'The director has tried to be neutral. But Talvar won't leave the audience confused, for sure.'
Irrfan Khan discusses Talvar with Vaihayasi Pande Daniel/Rediff.com
You get precisely 900 seconds to meet and chat with actor Irrfan Khan.
At least 9,000 seconds too little.
It is yet a memorable 900 seconds.
Khan is an intriguing, engaging, person to interview.
The moment you set eyes on him in the antiseptic banquet room at the Sun-N-Sand hotel, on Mumbai's Juhu beach -- wearing some freaky, cool, jacket and red tennis shoes, a gold earring winking in one ear, talking very politely to reporters, graciously posing for selfies, but his piercing headlight eyes roving the room, his antennas whirring double-time -- you sense it is going to be a fun interview.
Khan, 48, has a certain earthiness that appeals -- a feeling that you are talking to a real person. A masala personality on screen or off-screen, conversation is as stimulating as stepping into a film scene with him.
Friendly, relaxed, he creates no distance between himself and the person he is talking to; none of that oft-encountered prissy Mumbai superficiality of the privileged, although his manners are elegant. He does not sidestep questions or throw them back at you indignant, but rather spars good-humouredly, playfully.
His mobile face, patterned with a week of fuzz, is a map of emotions and serious introspection, as he carefully frames his answers, his voice often shaded with different inflections.
Mid-interview he takes out a paper packet and opens it up. And begins to massage the tobacco it contains. Hunting for an aide he calls across the room: 'Nakki, mera kagaz de do (bring me my paper).' And proceeds to roll a cigarette and puff it.
It is an interview to discuss his latest film Talvar. 2015 has seen him do comedy drama Piku, sci-fi Jurassic World, the action drama Jazbaa, along with the sombre, dark, Talvar.
In Talvar, a film produced by Vishal Bhardwaj and directed by Meghna Gulzar, that has been a couple of painstaking years in the making, Khan essays the role of a duty-minded, fair, CBI investigator, Ashwin Kumar, who takes over, from the Noida police, the investigation of the double murder of Shruti Tandon and the Tandons' house help, in a film based on the heart-breaking 2008 Aarushi Talwar-Hemraj Banjade murders, for which Aarushi's dentist parents have been found guilty and are serving life sentences in an Uttar Pradesh jail.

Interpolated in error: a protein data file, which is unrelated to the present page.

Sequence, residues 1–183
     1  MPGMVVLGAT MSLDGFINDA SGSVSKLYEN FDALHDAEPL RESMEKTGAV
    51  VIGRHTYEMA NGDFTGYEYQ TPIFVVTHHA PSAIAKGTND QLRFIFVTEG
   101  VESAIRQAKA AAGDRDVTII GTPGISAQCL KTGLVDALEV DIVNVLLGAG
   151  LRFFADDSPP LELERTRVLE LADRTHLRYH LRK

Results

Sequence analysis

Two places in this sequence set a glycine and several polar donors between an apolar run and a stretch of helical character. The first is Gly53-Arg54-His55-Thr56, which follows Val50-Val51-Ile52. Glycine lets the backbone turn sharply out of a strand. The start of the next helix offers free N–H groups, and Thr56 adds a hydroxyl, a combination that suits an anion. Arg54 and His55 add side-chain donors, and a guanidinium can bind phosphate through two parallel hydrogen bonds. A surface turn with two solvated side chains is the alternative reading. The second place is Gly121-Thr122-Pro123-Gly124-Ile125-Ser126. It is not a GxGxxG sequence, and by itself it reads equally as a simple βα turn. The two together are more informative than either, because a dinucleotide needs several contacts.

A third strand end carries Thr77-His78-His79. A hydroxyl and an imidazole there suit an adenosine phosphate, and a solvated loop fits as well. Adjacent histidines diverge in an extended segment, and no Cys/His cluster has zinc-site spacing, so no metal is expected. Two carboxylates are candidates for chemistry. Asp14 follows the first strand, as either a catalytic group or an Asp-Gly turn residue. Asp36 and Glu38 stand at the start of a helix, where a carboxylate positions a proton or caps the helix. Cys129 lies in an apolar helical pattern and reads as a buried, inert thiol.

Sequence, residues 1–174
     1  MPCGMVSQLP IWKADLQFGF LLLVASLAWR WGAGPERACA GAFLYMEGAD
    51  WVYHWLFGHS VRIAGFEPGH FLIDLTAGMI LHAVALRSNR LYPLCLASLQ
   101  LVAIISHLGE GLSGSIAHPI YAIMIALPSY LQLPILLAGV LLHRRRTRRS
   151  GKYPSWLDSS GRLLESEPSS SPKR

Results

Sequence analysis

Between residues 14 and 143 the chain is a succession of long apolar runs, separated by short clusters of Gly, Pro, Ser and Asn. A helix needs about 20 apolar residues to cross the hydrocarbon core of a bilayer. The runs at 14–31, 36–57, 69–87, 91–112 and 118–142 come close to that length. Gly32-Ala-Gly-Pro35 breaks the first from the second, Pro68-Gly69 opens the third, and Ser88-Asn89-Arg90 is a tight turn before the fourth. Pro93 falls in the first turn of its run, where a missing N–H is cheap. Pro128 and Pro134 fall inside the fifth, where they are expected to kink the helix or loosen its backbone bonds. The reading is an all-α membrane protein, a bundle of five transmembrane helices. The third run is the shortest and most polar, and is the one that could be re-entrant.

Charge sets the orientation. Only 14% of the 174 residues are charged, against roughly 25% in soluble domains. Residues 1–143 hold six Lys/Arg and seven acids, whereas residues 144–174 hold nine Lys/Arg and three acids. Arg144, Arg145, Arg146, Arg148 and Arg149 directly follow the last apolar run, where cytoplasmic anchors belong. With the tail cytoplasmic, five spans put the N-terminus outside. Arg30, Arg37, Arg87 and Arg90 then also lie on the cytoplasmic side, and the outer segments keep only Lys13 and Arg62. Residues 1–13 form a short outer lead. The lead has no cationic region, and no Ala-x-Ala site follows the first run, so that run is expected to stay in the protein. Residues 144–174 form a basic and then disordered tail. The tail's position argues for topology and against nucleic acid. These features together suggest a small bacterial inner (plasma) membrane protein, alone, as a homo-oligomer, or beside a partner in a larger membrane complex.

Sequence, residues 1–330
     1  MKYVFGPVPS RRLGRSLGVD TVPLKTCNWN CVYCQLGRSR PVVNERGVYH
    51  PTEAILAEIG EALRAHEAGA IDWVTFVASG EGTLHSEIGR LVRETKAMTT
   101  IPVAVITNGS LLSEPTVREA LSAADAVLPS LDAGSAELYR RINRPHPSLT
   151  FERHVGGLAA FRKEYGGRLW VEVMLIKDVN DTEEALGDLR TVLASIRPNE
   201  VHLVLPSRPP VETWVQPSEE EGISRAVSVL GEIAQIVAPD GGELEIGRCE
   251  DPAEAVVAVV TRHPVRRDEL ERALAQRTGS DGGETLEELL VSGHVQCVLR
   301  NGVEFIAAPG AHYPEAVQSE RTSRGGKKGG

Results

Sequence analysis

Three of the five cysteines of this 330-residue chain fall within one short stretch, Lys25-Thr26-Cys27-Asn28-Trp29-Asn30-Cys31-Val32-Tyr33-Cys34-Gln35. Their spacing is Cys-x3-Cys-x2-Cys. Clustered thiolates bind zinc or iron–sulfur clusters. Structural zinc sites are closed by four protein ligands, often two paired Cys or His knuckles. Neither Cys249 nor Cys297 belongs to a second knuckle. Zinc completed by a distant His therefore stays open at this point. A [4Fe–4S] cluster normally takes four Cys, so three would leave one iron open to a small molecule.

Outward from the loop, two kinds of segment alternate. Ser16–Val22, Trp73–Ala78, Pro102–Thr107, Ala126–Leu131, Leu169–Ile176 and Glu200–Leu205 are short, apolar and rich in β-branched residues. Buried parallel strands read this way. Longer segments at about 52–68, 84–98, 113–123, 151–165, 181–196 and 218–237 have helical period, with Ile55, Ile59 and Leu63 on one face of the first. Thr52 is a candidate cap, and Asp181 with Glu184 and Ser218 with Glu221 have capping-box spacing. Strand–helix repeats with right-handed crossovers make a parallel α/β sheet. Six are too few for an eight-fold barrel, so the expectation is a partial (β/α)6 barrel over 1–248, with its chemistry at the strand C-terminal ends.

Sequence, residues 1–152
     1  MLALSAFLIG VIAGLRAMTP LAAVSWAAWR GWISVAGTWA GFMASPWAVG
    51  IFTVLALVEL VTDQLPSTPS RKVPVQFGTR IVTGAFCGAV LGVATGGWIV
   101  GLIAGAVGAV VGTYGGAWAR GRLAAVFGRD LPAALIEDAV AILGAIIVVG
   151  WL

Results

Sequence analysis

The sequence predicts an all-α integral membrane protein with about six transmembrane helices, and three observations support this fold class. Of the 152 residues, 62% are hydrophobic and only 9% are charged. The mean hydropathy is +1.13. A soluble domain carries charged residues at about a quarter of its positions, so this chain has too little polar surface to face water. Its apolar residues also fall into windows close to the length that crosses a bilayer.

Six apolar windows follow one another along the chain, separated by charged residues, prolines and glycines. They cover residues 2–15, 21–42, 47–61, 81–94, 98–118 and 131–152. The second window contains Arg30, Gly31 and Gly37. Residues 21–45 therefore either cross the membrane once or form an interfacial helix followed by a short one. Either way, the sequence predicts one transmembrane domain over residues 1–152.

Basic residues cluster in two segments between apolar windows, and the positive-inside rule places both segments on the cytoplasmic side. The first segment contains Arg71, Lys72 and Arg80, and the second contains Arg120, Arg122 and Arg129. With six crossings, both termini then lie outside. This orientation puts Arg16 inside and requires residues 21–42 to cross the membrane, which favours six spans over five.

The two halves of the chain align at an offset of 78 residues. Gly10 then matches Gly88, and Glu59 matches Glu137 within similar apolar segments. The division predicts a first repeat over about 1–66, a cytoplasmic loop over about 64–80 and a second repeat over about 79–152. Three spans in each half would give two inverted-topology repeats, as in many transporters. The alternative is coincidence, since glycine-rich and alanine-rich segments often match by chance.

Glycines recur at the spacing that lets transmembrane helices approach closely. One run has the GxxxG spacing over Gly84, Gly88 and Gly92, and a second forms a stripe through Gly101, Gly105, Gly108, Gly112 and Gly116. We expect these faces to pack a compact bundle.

Personally, what do you feel you have learned doing this film?
This is a unique film in the way that it is dealing with a true case. It is not fictionalising at all. Then because it is a film, you have to make it engaging enough for the audience. So on that level it is a very, very, new kind of film.
A tough film to do?
(Nods). Without sensationalising. Without fictionalising. Just keeping to the facts, with so much information -- and keeping it engaging enough. The audience is going to have a very unique experience.
I know Talvar is not a biopic. But isn't that the same premise in a biopic -- sticking to the facts?
In a biopic, you can still take the liberty of fictionalising portions. But because this is such a sensitive case you cannot really take liberties in this. You have to stick to facts and then make it engaging.
In what way has being part of this film impacted your life?
(There were) some revelations, which I did not know about the case. When I read the script, it really intrigued me. I did my own research. There are some shocking facts that I wasn't aware of.